“Culture eats technology for lunch” is a clever line that’s been circulating for a couple of years in the social business circuit. I’m not really sure who said it first (feel free to claim it), but all your favorite people have quoted it. It's meant to suggest that social business isn’t a technology problem, but a cultural one. But that is a distraction. Becoming a social business is about neither.
“Social business” a vague term that generally describes or refers to businesses that have social processes or, again quite vaguely, a social “mindset” or gestalt or je ne sais quoi. But we may not need to be so vague.
A social business is one where there is a deep sense of identity and purpose, one where its employees are a team of people who work together to understand the environment and fulfill the mission. A social business respects and engages its market and customers. A social business is aware of its impact on society and works to increase the prosperity of its employees, customers and investors.
Following the Internal Compass
In the 1970s, Abraham Maslow — he of the hierarchy of needs — described a state of self-actualization for individuals. Among other things, “self-actualizers” have “an efficient perception of and comfortable relations with reality. They are problem, rather than ego-centered, and autonomous — independent of culture and environment.” In other words, they do their own thing, and they know what thing that is. They change and adapt, but according to their own internal compass, more than outside factors. They are evolved. This sounds as though it would also describe the businesses that we hope the social movement is building.
The social business ideal (or idyll) sounds a lot like Maslow’s self-actualized individual. That ineffable something we are looking for in a business, one that is sharp, on its game, consistent, right-thinking, innovative and prosperous — a social business is an evolved business — a self-actualized business. We have a few examples of these. HubSpot is one. Is anyone else tired of hearing Apple mentioned (or can we stop now because they messed up maps)? Zappos, dare I say IBM? Genentech.
A self-actualized organization acts with intention (rather than flailing, or going through rote motions), observes with equanimity (its people remain calm in the face of both good and bad news) and learns at the speed at which it works.
This is very difficult to achieve in a strictly command and control hierarchical, non-networked structure. Information can’t flow fast enough, action cannot be taken fast enough in that kind of organization. So as command and control becomes networked, we have the opportunity to evolve in ways that were extremely difficult before.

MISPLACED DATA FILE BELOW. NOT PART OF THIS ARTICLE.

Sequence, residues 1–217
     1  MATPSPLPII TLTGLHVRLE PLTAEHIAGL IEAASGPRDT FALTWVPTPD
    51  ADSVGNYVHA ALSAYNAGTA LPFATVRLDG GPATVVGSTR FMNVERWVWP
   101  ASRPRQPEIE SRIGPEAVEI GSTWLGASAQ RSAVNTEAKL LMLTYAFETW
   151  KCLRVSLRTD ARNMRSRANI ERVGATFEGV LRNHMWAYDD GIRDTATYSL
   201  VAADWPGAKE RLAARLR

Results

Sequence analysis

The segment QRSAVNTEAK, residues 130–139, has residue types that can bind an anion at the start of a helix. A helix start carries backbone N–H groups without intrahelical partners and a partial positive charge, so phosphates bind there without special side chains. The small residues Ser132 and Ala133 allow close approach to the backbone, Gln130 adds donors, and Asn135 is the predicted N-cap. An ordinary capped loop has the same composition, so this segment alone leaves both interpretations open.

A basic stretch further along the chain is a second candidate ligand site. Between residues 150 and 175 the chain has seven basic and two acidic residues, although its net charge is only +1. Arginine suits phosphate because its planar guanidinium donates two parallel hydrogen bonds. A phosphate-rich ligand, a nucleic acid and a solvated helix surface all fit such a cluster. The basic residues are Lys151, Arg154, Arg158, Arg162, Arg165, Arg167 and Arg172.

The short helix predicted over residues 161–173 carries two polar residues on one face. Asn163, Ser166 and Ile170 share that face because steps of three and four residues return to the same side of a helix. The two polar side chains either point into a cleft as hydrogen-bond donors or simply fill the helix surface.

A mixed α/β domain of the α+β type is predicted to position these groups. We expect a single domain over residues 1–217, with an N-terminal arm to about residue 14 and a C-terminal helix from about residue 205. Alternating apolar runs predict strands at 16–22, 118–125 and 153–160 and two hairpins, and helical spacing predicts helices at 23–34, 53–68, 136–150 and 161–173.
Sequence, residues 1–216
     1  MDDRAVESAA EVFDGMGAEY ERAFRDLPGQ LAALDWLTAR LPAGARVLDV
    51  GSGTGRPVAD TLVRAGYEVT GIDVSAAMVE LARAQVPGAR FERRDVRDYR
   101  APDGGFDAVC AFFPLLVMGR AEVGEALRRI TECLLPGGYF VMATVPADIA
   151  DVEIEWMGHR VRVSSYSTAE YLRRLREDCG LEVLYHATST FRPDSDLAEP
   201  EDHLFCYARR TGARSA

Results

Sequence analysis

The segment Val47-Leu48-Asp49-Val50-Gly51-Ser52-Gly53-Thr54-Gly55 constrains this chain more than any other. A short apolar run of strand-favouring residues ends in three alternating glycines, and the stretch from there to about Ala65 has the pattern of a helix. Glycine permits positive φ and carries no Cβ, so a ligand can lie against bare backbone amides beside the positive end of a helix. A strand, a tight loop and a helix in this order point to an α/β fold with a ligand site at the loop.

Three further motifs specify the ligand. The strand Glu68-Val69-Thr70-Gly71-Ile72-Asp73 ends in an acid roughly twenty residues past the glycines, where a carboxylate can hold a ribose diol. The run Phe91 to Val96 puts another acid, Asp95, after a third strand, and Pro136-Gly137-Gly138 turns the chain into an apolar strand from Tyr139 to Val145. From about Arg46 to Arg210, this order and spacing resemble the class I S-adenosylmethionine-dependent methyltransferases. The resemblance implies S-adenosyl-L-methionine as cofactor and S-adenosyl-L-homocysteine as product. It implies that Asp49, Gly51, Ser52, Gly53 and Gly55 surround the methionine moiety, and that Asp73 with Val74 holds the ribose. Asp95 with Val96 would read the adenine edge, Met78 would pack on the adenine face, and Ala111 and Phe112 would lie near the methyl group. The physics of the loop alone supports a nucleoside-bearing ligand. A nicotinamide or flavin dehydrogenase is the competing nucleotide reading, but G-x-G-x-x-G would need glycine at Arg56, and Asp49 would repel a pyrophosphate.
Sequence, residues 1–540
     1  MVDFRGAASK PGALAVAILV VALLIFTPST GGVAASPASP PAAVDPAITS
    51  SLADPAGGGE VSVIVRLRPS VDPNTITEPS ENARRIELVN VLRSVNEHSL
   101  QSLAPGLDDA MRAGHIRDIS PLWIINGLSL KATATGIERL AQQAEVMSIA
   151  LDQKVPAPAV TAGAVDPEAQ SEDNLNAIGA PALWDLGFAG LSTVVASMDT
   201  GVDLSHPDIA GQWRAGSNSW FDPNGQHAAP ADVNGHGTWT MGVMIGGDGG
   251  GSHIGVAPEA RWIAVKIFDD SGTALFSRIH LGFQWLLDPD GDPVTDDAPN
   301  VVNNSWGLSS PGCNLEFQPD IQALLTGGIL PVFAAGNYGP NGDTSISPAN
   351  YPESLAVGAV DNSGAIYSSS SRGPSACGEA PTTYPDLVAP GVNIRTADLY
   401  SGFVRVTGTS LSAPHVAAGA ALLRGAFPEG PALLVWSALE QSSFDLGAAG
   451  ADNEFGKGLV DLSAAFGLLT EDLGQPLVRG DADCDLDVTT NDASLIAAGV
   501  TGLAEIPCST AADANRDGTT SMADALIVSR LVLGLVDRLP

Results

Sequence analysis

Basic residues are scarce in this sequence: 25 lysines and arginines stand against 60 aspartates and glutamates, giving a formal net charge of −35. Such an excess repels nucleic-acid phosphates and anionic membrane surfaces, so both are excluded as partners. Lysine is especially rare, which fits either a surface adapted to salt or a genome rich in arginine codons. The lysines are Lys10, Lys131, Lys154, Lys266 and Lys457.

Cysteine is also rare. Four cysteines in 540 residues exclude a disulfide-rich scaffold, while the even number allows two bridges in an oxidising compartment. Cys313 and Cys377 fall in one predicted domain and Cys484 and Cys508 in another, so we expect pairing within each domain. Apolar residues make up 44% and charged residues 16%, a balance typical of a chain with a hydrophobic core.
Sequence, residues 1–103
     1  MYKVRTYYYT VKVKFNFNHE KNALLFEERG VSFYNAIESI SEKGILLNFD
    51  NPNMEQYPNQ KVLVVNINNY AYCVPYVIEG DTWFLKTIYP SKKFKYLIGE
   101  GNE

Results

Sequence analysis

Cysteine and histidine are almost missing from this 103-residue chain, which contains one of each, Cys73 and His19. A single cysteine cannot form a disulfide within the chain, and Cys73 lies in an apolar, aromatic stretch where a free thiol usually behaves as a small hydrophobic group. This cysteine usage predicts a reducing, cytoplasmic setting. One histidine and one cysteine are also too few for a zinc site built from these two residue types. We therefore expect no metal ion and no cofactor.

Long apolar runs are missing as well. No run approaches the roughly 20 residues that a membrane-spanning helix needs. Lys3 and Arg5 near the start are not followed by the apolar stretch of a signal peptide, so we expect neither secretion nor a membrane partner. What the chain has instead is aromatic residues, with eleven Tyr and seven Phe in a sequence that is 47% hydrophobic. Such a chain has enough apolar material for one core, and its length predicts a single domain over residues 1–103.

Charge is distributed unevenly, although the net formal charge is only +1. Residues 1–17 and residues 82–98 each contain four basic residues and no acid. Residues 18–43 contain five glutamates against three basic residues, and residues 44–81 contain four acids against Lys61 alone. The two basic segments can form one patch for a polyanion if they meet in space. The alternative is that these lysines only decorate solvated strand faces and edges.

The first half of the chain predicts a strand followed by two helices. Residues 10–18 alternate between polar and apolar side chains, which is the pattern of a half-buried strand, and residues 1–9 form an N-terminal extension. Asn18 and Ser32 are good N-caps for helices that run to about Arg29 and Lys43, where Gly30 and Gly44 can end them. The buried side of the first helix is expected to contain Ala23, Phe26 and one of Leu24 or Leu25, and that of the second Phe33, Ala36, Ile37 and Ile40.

Networked businesses have strong, narrative leadership, together with a highly connected network of responsible/respected individuals. It is this conscious approach and fluid, networked action that produces our current ideal of a social business.
While we’ve made good progress on understanding how to connect and network people in business (which is about both culture and technology), we haven’t done quite as much on the intentional, self-actualized organizational aspect.
A Sense of Self and Purpose
I just had dinner with a former co-worker who is now at Google, and he described for me a few of their processes around learning, testing, interviewing, etc. It was clear that my very smart friend gets intellectually chewed up and spit out every day — in a state of joy and curiosity. He is stretching himself in concert with the colleagues he openly admires, and it is clear it's an awesome experience.
It is also clear that Google invests systematically and heavily in learning about itself in every way — technologically, individually, organizationally and with customers. I’m thinking that they probably describe very well a company that has both its identity and its connectivity nailed.
I also had the opportunity to chat with another organization with an equally strong sense of identity but a vastly harder one. The Department of Defence. The DoD has several identities; depending on who you ask and in what context, it is the executor of the President’s will, the defender of the homeland and interests, or the creator of peace. All good and valid — and all subject to intense and interesting debate. The debate is a good thing and keeps the identity relevant over the centuries, so let's let it lie.
But is the DoD as connected as, say, Google? Does it learn as intensely and systematically? It's one thing to put revenue at risk, quite another lives. The DoD is not free to experiment and “canary” (as my old friend put it) each and every idea. That said, it has a more urgent need to maximize learning from each and every opportunity, and it's clear that they too take that very, very seriously. By networking itself more fully, it is likely to hasten that process.